We report the case of a male, Caucasian, 29 year-old patient who presented at the Emergency Room of Conjunto Hospitalar de Sorocaba, with a previous history of psoriasis vulgaris since the age of 12. He complained of intense burning and itching on his entire body surface, associated with difficulty to close his eyes and walk. He had been on continuous use of 20mg/day prednisone for six months, prescribed by another service. He did not have any lesions until the sudden development, seven days before, of a generalized erythematous picture. Upon admission, he was awake, afebrile, acyanotic and slightly dehydrated. Dermatological examination revealed generalized erythematous-squamous lesions with delicate scales and intense red erythema, in addition to countless ruptured pustules. (Figure 1). Physical examination revealed intense conjunctival purulent secretion. Initial management consisted of electrolyte replacement and initial weaning of prednisone in ten days, simultaneous to oral ciprofloxacin for eight days and to intravenous clindamycin for eight days. After the first weak of hospitalization, oral 30mg/day acitretin was introduced and maintained for 35 days. After eight days of hospitalization, pustules began to present a fetid secretion associated with fever (38°C 41°C), suggesting secondary infection, and intravenous ceftriaxone was introduced for ten days.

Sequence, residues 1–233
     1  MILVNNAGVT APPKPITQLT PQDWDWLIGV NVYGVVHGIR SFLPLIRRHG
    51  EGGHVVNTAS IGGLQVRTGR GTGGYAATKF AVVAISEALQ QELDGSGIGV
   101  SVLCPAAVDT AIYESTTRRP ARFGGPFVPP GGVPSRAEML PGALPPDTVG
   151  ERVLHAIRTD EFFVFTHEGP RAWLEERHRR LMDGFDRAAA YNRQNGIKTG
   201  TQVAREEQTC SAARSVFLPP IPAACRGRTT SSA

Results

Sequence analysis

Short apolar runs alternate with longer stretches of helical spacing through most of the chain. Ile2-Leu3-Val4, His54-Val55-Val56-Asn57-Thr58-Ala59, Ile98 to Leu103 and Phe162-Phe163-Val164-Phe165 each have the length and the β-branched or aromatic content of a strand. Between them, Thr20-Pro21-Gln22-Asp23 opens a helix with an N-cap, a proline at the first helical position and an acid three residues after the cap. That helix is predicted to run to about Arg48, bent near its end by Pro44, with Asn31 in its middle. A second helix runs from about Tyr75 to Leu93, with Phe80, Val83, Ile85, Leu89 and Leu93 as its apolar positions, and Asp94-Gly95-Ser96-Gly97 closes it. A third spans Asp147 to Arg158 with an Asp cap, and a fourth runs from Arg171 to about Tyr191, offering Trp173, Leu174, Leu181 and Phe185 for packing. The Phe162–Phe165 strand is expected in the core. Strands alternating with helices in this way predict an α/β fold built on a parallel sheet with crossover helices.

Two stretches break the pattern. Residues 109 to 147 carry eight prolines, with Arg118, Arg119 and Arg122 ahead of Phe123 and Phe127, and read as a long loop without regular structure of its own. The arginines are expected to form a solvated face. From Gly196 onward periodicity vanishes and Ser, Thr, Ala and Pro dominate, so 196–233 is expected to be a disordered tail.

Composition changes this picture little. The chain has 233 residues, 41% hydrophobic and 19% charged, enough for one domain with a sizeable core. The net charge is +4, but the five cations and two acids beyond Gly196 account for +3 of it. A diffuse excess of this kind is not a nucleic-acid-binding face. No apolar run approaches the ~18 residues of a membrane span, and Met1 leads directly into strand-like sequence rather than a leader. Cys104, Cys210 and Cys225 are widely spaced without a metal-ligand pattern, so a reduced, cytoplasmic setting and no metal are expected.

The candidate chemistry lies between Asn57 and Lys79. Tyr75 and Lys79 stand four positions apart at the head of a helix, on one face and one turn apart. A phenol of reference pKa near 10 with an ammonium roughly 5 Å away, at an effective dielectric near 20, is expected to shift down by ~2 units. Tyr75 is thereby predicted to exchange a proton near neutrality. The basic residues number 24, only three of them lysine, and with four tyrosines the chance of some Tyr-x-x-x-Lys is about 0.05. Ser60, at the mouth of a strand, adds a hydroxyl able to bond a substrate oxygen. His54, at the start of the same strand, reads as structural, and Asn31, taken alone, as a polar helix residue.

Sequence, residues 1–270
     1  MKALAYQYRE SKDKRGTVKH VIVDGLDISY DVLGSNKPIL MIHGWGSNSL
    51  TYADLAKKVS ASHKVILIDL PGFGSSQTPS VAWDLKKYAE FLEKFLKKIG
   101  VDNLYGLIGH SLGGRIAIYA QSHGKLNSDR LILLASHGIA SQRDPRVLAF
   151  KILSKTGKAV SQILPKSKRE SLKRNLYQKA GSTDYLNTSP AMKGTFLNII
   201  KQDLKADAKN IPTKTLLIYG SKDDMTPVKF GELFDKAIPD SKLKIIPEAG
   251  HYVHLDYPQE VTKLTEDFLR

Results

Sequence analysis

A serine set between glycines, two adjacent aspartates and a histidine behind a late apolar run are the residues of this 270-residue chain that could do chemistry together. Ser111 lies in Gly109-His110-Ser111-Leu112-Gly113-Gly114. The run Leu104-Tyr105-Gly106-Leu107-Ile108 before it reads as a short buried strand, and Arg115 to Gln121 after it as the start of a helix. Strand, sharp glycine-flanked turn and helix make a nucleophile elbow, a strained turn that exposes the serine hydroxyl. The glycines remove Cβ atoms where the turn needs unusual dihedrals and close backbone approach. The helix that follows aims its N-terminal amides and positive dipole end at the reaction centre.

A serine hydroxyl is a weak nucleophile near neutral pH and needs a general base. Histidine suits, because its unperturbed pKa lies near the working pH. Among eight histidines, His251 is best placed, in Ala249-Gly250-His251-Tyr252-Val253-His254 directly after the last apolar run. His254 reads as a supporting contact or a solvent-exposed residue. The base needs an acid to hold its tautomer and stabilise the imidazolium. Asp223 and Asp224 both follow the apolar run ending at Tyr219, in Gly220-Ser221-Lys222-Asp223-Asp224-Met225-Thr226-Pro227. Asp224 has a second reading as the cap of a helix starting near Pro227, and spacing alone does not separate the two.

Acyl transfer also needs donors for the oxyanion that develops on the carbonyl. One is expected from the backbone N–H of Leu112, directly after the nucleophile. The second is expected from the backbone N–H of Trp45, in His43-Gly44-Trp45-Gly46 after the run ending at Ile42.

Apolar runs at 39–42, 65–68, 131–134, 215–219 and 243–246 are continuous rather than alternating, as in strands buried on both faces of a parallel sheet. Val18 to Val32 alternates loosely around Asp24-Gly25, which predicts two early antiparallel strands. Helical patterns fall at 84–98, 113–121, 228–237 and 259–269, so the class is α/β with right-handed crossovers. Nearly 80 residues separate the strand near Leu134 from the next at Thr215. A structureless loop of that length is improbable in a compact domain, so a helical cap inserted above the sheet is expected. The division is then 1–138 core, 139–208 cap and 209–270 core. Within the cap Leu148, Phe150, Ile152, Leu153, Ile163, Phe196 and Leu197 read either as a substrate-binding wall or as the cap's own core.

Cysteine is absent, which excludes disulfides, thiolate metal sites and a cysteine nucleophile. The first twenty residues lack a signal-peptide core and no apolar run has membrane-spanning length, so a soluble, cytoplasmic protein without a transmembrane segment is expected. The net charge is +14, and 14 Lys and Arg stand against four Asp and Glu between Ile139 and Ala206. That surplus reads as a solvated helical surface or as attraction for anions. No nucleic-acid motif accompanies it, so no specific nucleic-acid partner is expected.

The patient developed superficial keratitis due to non occlusion of the eyelid, and pneumonia for which specific treatment was introduced.
Histopathology confirmed the diagnosis of pustular psoriasis. There was complete remission of lesions after one month of treatment (Figure 2), without recurrences to date.
Generalized von Zumbusch psoriasis is characterized by the presence of pustules that, in addition to numerous and sterile, may easily burst.1-3,6,7 Eruption is sudden on an already erythematous surface, and accompanied by dissemination.1,6 It appears initially in flexion regions, and may affect nail beds.1,6 Patients are affected systemically, with clinical deterioration, and there may be fever, muscle weakness, leukocytosis, hypocalcaemia and increased blood sedimentation rate, and it may sometimes be lethal.1-3,6,7
Systemic treatment is mandatory when skin commitment is extensive, and acitretin may be used, and is particularly effective in the pustular variants. Another option is methotrexate or cyclosporine for fast control.1-4,6-10 Patients generally do not present sequelas1-2, but there is a chance of recurrence. 1,6
The case presented is a rare form of von Zumbusch psoriasis that erupted during systemic corticoid use and not after interruption, as commonly observed.1,2,6
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Thais Jerez Jaime
Alameda Honduras, 270 Alphaville
Residencial 2 Alphaville
06470 130 Barueri SP
Tel./Fax: 11 4195 3363 / 7873 1479 / 4195 2984
Conflict of interest: None
Financial funding: None
How to cite this article: Jaime TJ, Rodrigues BA, Jaime TJ, Barbo MLP, Simis DRC. Psoríase de von Zumbusch. An Bras Dermatol. 2009;84(3):299-301.